Law in the Internet Society

The Right to Disconnect: Reclaiming Leisure and Mitigating Coercion in the Attention Economy

-- By AdamLawson - 4 Jan 2021

Could I interest you in everything, all of the time?

-Bo Burnham, ‘Welcome to the Internet’


To most users of the internet (which is almost everyone in the US - 96%-99% for ages 18-64 per Pew Research) it likely comes as little surprise that we live in an age of what philosopher and social psychologist Shoshana Zuboff has called “surveillance capitalism”, where our attention, online interactions, and personal data are collected and commodified for the purpose of profit - to various levels of alarm about possible effects on autonomy and democracy.

This surveillance capitalism is facilitated by an online world of overabundant information, immediately available, and designed to attract your attention as much as possible. Growing recognition that “if it’s free, you’re the product” is not a recent development but integral to the internet’s overall attention economy, in which human attention - time and focus - is the limiting factor in consuming information, generating content, and harvesting the data points collected.

This commodification of attention through electronic devices has raised alarm bells about stolen focus by our electronic devices, and (as noted by legal scholar Eben Moglen back in 1997) this centring on fighting for the “market for eyeballs” even metaphorically amplifies a passive consumer model and deprioritizes the idea of active intelligence.

But advertisers and Big Tech are not the only ones fighting for our attention and wanting to keep us online. The ubiquitous nature of mobile devices and access to the internet (and the widespread pandemic acceleration in work from home) has widely blurred the lines between work and leisure, leading to a culture where workers are ‘always-on’ and their attention is expected to always be available.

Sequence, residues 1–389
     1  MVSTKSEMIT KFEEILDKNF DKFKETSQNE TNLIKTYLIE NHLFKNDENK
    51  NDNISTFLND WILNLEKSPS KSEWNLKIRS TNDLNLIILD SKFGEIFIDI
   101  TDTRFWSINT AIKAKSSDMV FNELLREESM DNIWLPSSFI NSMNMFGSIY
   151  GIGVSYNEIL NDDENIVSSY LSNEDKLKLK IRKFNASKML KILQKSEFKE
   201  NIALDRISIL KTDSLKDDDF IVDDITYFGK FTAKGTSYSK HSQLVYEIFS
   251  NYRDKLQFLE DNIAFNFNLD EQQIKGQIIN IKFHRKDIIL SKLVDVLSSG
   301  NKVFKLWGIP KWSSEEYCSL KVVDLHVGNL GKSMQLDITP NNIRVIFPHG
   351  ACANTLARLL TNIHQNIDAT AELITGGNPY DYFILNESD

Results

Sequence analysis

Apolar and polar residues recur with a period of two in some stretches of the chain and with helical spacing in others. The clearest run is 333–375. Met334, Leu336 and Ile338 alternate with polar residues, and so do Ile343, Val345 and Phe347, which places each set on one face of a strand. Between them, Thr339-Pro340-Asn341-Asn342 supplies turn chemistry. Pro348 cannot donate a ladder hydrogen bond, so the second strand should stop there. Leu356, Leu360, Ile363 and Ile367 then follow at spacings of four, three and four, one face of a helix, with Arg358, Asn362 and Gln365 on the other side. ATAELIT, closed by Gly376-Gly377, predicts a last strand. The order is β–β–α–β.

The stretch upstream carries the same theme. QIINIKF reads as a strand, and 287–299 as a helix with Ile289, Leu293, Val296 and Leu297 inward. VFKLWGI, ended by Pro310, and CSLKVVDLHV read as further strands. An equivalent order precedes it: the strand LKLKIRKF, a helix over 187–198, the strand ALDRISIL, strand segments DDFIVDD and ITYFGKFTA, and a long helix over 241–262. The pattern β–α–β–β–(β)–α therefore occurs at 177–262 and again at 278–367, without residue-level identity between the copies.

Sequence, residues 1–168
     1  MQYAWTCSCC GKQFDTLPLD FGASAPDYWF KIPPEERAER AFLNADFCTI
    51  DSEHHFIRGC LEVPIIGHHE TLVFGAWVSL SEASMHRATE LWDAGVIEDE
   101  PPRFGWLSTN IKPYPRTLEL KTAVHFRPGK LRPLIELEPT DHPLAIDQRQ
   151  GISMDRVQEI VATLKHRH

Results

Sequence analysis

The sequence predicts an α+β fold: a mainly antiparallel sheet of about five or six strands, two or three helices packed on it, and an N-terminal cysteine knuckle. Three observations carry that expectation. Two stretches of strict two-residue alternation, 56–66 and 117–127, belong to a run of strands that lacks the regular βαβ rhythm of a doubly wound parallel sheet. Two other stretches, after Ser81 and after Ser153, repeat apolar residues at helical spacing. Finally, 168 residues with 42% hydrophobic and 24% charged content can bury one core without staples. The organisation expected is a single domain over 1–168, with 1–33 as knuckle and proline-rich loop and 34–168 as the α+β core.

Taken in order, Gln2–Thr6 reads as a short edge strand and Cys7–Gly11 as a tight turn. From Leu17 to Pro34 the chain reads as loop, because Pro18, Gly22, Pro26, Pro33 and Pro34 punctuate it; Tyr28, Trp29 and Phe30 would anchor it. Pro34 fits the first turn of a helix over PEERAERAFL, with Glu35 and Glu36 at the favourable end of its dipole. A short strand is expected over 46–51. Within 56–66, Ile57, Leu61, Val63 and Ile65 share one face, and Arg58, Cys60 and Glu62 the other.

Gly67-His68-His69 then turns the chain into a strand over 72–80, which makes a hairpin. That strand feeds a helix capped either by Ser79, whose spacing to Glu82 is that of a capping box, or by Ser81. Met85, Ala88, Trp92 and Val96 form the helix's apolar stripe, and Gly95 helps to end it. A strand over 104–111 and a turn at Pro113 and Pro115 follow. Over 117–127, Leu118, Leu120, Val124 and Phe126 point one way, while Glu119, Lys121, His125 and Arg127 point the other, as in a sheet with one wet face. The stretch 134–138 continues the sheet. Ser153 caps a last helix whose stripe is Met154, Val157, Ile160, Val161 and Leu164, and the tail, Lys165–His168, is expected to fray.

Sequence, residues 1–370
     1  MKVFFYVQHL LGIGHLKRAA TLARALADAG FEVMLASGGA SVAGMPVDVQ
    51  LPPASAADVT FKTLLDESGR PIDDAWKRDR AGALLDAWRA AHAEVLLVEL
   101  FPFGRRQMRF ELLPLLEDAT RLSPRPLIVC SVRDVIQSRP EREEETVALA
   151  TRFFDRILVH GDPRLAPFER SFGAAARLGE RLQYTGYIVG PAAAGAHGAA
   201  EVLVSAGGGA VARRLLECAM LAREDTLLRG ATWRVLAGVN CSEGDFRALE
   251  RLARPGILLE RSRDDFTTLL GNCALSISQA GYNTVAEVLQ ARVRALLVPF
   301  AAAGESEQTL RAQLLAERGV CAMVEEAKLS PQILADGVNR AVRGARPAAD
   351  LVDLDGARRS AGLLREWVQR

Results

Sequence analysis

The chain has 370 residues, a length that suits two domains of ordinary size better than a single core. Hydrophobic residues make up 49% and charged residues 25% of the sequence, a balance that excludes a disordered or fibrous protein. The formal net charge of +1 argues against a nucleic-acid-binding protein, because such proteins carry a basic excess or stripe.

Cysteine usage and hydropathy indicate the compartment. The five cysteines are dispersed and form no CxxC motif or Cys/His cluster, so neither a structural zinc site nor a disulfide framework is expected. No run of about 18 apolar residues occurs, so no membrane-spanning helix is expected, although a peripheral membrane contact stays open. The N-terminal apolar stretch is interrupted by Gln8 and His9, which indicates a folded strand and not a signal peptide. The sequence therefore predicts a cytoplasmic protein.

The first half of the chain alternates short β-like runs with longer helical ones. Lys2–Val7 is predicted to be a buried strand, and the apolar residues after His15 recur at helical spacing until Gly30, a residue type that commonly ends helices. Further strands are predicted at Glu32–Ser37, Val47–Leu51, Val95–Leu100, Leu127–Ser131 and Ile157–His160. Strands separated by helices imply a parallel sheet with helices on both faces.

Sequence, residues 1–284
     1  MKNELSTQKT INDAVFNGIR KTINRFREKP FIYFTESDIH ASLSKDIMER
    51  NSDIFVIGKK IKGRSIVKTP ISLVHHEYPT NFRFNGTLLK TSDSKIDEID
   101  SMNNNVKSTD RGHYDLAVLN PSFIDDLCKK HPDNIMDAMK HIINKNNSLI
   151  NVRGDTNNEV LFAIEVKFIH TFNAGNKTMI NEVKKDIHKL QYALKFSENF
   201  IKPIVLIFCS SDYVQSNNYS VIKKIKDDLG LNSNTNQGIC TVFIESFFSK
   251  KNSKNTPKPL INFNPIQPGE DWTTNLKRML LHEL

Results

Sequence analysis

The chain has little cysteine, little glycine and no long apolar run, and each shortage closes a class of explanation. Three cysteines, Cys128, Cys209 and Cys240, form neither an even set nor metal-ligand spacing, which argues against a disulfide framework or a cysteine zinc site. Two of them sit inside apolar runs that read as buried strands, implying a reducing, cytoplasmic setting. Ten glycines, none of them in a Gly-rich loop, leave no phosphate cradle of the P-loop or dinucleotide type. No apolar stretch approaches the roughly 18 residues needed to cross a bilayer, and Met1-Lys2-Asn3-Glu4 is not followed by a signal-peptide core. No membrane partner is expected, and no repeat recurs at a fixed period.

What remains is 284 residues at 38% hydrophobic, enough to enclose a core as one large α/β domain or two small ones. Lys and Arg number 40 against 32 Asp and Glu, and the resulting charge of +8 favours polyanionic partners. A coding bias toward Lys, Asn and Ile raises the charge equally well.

I am less immediately concerned with voluntary enslavement as passive consumers and insidious addiction to our devices (some psychologists even suggest they function as attachment figures or ‘adult teddy bears’) instead of coercive or enforced usage combined with constant demand for what was once leisure. Nowhere is this compulsion and pressure for availability more present than the modern workplace.

The Death of Leisure

The Oxford dictionary definition of leisure is “opportunity afforded by freedom from occupations” or (broadly) “the state of having time at one’s own disposal; time which one can spend as one pleases; free or unoccupied time”. Such unconstrained time is increasingly at a premium.

This is contrary to historical predictions. As noted here, Karl Marx argued technology would free workers from harsh labour and lead to a “reduction to working time”, and in the 1930s the economist John Maynard Keynes predicted that automation may enable a shorter working week of less than 15 hours.

Notwithstanding ever-increasing automation and the entry of women into the workforce, we have not progressed in either increasing or valuing leisure time. The majority of workers are still “Waiting for the Weekend”, where (writing in the 90s about the so-called Protestant work ethic) “leisure, equated with idleness, is suspect; leisure without toil, or disconnected from it, is altogether sinister.”

Enslavement to Work and the Busy Trap